Town of Baños
We spent the third leg of our trip to Ecuador in Baños, a small town nestled between mountains that’s a hotspot for adventure tourism and hippie expats. It has a laid-back party-town vibe, and it was definitely the most touristy stop on our trip, but not in an obnoxious way – it’s a town where tourism just feels like a lifestyle. There’s a lot to do in and around Baños: hiking, biking, rock climbing, rafting, ziplining, etc., and we only got a small taste of the town and the adventures it has to offer in our two days there, but I would definitely go back for more. Right after arriving we headed to the town hot springs, which were super-crowded and a little grungy, but with very hot pools and a gorgeous view of the waterfall running right next to it. I found the springs a little stressful because they were so busy, but for an entry fee of $2, it’s worth giving them a try. After a quick soak and a shower we headed to dinner at Casa Hood, where I was surprisingly excited to eat “gringoized” food – I had a plate of fried eggs with potatoes, black beans, salsa and avocado, basically my ideal meal at any time of day or night. They also had real espresso drinks and a smoothie bar – I was tempted to go back in the morning for a green smoothie, but figured the fresh fruit juice at our breakfast buffet was probably enough sugar for one morning. Trevor was still really sick at this point and sleeping in the hotel, so we didn’t linger for too long, but it was a fun little restaurant.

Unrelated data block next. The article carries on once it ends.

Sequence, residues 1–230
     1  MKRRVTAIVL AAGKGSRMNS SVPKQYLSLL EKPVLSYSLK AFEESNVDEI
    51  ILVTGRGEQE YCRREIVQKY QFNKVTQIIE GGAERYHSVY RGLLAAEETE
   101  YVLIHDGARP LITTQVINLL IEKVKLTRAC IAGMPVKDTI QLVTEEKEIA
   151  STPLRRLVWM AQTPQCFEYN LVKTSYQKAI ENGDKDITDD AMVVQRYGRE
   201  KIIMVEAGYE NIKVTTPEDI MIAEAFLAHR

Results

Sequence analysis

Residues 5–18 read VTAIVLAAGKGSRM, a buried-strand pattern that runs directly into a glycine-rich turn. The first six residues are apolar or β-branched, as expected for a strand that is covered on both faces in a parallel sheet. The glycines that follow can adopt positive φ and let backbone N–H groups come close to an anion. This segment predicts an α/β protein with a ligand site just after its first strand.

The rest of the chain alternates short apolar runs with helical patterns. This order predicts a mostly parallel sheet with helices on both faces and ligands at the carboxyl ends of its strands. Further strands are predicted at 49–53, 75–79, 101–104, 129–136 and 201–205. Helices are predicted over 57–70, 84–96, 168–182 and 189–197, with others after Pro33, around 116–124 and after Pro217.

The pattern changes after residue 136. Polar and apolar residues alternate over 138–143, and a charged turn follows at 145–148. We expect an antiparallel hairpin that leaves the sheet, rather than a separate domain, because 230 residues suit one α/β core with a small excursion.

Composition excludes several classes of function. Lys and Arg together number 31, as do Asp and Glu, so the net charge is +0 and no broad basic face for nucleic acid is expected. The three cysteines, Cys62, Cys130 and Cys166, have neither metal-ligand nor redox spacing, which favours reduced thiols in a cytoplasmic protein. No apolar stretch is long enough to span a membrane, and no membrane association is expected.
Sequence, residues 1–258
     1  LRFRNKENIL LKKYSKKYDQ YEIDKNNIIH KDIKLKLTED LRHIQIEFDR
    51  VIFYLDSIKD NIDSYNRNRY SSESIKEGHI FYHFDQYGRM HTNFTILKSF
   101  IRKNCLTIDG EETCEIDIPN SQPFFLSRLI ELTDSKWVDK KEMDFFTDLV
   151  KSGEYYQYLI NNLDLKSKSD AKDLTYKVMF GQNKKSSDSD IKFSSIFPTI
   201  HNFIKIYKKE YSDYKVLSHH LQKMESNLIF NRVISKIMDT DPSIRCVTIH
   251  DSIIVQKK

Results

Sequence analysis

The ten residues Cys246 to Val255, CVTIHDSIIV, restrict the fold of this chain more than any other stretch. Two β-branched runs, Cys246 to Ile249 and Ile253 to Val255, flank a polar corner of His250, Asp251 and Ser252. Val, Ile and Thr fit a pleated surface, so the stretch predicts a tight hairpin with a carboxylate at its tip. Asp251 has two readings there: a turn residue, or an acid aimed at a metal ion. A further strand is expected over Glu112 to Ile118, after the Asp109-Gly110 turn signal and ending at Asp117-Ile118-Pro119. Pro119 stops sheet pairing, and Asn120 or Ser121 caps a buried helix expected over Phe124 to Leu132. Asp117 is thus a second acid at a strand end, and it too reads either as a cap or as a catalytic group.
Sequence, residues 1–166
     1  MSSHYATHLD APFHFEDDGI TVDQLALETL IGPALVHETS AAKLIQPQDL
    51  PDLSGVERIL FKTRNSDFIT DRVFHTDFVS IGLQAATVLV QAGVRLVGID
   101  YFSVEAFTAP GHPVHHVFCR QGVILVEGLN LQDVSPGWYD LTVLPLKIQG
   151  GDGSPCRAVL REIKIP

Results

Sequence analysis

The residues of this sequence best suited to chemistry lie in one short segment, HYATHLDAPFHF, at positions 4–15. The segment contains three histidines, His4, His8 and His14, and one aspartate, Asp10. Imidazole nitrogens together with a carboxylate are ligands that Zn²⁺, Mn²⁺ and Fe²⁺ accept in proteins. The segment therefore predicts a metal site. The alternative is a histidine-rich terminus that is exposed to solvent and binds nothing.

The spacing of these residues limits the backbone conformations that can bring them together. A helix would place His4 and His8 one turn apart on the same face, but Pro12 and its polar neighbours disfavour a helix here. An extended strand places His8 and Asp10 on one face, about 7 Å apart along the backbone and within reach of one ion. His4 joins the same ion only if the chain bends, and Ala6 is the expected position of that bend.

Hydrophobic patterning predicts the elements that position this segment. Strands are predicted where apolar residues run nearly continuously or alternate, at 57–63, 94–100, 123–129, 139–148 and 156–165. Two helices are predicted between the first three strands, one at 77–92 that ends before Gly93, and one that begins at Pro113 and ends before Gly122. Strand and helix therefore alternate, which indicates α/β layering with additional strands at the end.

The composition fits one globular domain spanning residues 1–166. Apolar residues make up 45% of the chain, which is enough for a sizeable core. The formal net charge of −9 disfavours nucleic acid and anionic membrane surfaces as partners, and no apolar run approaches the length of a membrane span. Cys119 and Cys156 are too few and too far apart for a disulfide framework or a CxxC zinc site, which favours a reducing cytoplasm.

Hotel La Floresta
During our short time in Baños we stayed in Hotel La Floresta, a modest but comfortable hotel on the edge of town (it’s a small town). The rooms were simple but comfortable enough, and I liked our little balcony with its woven hammock. The hotel had an open courtyard design with a beautiful interior garden, and it was really pleasant to sit in one of the alcoves and chat – in fact, we did just that with a bottle of wine and a few surprisingly good local cheeses instead of going out to dinner our second night. Like everywhere we stayed, breakfast was plentiful and delicious, the fresh fruit juices and strong coffee (always served with cocoa!) being a highlight. I’d recommend it for anyone looking for reasonably priced but still comfortable accommodations in town.
Route of Waterfalls / Ruta de Las Cascadas
The highlight of our time in Baños, and perhaps even of the entire trip for me, was the bike trip we took along the Route of Waterfalls. It was a gorgeous morning, the only truly sunny day we had for the whole trip, and the views the whole way were absolutely breathtaking. The biking is a little precarious, since you’re biking along the shoulder of a busy two-lane highway for about 70% of the time, so it’s not for the faint of heart. I’m not a very confident biker, though, and I never felt unsafe – so I think as long as you’re expecting to be on a busy road, you’ll be fine. And when you’re off the road, on an old cobbled path that winds along the edge of the mountain, it’s amazing. It took us about 3 hours to do the whole thing, stopping frequently to take in the views of the numerous waterfalls you pass, and for a longer break to take a cable car across one of the larger gorges.
El Pailon del Diablo